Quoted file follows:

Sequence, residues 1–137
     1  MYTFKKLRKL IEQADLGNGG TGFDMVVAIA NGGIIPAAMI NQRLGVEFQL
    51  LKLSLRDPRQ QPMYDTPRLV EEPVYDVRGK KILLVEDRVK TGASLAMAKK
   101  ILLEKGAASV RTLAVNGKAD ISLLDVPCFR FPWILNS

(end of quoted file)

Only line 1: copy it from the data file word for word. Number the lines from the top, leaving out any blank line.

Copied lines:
Sequence, residues 1–137